There’s no Scream! and Misty Special this year for Halloween but instead we do get to take an extended trip to a familiar horror environment in Scream! Presents The Thirteenth Floor. Continuing the ongoing storyline from those two Scream! and Misty anthologies, this special reintroduces us to Max the super-computer. For those unfamiliar with this demonic digital personality, Max runs and oversees the Maxwell Tower apartment block and, courtesy of the hellish dark dreamscapes of that titular thirteenth floor, exacts terrible nightmare-inducing revenge on anyone who he deems to have threatened his residents.
A serial fixture of the original Scream! weekly in the early 1980s (when the idea of a sentient computer running a residential building would have seemed quite fantastic) and arguably its most popular strip, The Thirteenth Floor would go on to a long run in Eagle when the two comics merged. We reviewed the first volume of the feature in its collected Treasury of British Comics form here at Broken Frontier. Fans of the strip will be pleased to hear a second volume is in the works.
As has been the standard for this revamped version of The Thirteenth Floor the everyday urban drama of life in and around the tower block is drawn by one artist (the legendary John Stokes of Marney the Fox fame) with the scenes of torment on Max’s Thirteenth Floor given over to a number of creators with very different illustrative styles, all matched to the embodiments of the greatest fears of Max’s victims.
In the previous Specials Max had erased the memories of police officer Hester Benedict and struck up a friendship and alliance with teenager Sam, whose abusive home life overshadows his daily existence. This Special explores the ramifications of both those decisions for Max. With Hester haunted by the demons of her own past and her memories slowly returning, and Sam’s own experiences shaping the Thirteenth Floor’s reality, Max is once again about to lose control. And this time it’s going to be with the most dramatic, devastating consequences for all of his beloved residents…
Guy Adams provides a solid story that both echoes the bleak farce of the original strip alongside a measured and sensitive character study of the two true protagonists, Hester and Sam. It’s veteran artist Stokes, though, who steals the show, emphasising through his subtle visual characterisation the struggles of both Sam and Hester, and manipulating the structure of his pages in places to draw parallels between the two.
It’s his depiction of Sam’s home life (above) that, for all the ostentatious bleak horror elsewhere, proves in its own quiet way to be the most chilling element of the story. So much about this state of dark domesticity is communicated so powerfully by the artist without the need for any accompanying narration or dialogue. The John Stokes Renaissance remains perhaps Rebellion’s greatest gift to us over the last couple of years.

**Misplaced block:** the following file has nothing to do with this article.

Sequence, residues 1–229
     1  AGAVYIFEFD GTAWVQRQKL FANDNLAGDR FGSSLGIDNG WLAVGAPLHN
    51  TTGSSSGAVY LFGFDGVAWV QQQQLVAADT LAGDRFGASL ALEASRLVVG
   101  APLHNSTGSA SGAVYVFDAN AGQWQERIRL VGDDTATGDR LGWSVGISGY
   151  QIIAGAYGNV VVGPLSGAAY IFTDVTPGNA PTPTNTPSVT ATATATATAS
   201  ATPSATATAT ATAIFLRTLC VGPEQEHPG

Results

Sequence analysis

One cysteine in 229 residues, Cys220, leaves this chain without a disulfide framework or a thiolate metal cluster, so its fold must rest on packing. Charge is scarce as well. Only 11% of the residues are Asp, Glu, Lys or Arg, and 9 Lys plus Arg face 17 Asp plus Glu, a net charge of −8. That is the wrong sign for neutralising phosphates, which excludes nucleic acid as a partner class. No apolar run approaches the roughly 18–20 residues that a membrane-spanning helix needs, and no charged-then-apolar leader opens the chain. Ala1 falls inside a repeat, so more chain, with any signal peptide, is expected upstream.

The mix of approaches in the sections where Max vengefully tortures his victims is often inspired in its choices. Sweeny Toddler artist Tom Paterson brings an IPC humour weeklies feel to his pages that is so incongruous in style that it’s possibly the most disturbing moment of all the Thirteenth Floor scenes (above). From the mastery of Fraser Irving to the criminally unsung V.V. Glass’s impressive double-pager, through to the creepy work of Jimmy Broxton the sudden lurches into Max’s vengeance seeking scenes all perfectly encapsulate the poetic irony of his “justice” on his subjects.
Interior art by Henrik Sahlstrom and Frazer Irving
Where this Special does perhaps falter though isn’t so much in narrative as it is in delivery. Like The Vigilant one-shots it seems impractical to imagine a brand new audience can be built for these characters on ongoing storylines that drip feed us a chapter at a time on an annual basis. That falls into the trap of appealing only to the nostalgists which is not sustainable in the long term, however much middle-aged readers like myself may be enjoying these revisitations to their past. That’s maybe a discussion for another time, though, and one that doesn’t take away from this much welcome longer-form The Thirteenth Floor adventure. After all, that John Stokes art is more than reason enough to pick up this seasonally festive offering!
Guy Adams, Ghastly McNasty (W), John Stokes, Henrik Sahlstrom, Tom Paterson, Abigail Harding, Frazer Irving, Vince Locke, Jimmy Broxton, V.V. Glass, Kelley Jones, Andreas Butzbach (A), Quinton Winter (C), Simon Bowland (L), Kyle Hotz (CA) • Rebellion, £4.99
Review by Andy Oliver